Private Letter Ruling 201050002
There must have been a time when it was a good idea to have real estate in a C corporation. It was well before my time, though and that is starting to be a while ago. My career commenced in the waning days of the Internal Revenue Code of 1954. Even then, before they had assassinated that indomitable old soldier General Utilities, it was not a good idea. It still happens though and they are still around here and there. One way to deal with the problem is an S election. Then you just have to wait ten years, although maybe it will be seven or five, if you are lucky.
The only problem is that an S corporation cannot have "passive income" greater than 25% of its gross receipts if it has accumulated earnings and profits. If it does it is subject to an entity level tax and if the condition continues for three years it is bounced out of S status. One solution to the problem, which I discussed in an earlier post is to purge earnings and profits. Then there is the more risky, but also more entertaining, "DUH" approach outlined in PLR 201042010. Purging earnings and profits can be expensive though, PLR 201050002 points to another possibility.
Included in "passive income" for purposes of the S corporation excise (Section 1375) is rent. Rent is also considered a per se passive activity under the passive activity loss rules of Section 469. Interest and dividends on the other hand are explicitly passive income under 1375 and explicitly not passive income under 469. I could explain why this "makes sense", but I prefer, in this case, to stick with my "It is what it is. Deal with it." philosophy.
It turns out however that there is rent and there is rent. I have little doubt that the operation outlined in this PLR would be a rental activity for 469 purposes, but it is not considered passive income under Section 1375. Here are the facts :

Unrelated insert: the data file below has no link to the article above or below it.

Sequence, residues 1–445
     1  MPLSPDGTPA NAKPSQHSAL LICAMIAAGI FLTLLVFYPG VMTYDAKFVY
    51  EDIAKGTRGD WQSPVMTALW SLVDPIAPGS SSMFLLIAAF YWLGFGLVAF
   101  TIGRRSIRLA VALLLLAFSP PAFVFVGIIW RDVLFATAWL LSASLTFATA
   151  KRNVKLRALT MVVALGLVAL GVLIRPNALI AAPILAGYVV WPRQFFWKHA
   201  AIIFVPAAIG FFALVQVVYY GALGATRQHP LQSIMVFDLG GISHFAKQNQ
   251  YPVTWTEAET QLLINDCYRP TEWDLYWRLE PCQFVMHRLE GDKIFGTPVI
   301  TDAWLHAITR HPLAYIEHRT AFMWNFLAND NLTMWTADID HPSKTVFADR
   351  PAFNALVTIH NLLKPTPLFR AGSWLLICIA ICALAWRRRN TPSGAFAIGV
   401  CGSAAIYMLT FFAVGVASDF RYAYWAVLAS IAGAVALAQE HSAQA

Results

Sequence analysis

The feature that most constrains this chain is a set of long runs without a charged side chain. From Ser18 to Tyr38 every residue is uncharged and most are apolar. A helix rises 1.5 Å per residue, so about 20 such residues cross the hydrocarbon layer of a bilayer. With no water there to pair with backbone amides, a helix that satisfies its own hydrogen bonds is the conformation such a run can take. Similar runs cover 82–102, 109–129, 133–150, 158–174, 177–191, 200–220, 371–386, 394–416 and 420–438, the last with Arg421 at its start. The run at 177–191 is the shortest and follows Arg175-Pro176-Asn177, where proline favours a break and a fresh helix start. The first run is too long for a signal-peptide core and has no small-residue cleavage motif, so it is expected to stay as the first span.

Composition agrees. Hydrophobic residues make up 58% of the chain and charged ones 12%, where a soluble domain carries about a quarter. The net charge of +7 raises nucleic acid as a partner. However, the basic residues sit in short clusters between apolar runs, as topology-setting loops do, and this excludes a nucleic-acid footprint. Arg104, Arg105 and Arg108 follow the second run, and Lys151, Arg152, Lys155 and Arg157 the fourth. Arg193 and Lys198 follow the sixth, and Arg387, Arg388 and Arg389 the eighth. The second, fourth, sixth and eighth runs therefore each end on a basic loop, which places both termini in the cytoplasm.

Company was incorporated under the laws of State on Date 1, and elected under § 1362(a) to be an S corporation effective Date 2. Company owns, leases, and manages commercial rental real estate. In addition, Company owns an interest in Entities all of whom own, rent, and operate commercial office and industrial buildings and apartment and multi-family residential buildings. Company is actively involved in the management of each of the Entities. None of the Entities have hired employees or other management companies to handle the day-to-day business of operating the properties owned by them.
With respect to the wholly-owned properties, Company is actively involved in performing all of the leasing and administrative functions for maintaining the properties, including repair and maintenance services. Company has A employees and multiple independent contractors involved in the day-to-day activities associated with its commercial real estate.
With respect to each of the properties owned by the Entities, Company performs varying services. For example, Company may be responsible for management, financing, tenant negotiations, cash flow decision making, remodeling decisions, lease approval and negotiations, major development approval, mortgage and sale negotiations, advertising, repairs and maintenance, capital improvements, services for snowplowing, lawn care, trash removal, overseeing construction, and bookkeeping.
For the tax year ending in Year, Company collected approximately $B in gross rents and paid or incurred approximately $C in relevant operating expenses (other than depreciation).
The ruling goes on to explain the relevant regulation.
Section 1.1362-2(c)(5)(ii)(B)(2) provides that “rents” does not include rents derived in the active trade or business of renting property. Rents received by a corporation are derived in the active trade or business of renting property only if, based on all the facts and circumstances, the corporation provides significant services or incurs substantial costs in the rental business. Generally, significant services are not rendered and substantial costs are not incurred in connection with net leases. Whether significant services are performed or substantial costs are incurred in the rental business is determined based upon all the facts and circumstances including, but not limited to, the number of persons employed to provide the services and the types and amounts of costs and expenses incurred (other than depreciation).
The problem with applying this strategy is that there is no bright line test. If it fits your facts you may really have no alternative to getting a ruling if you want peace of mind.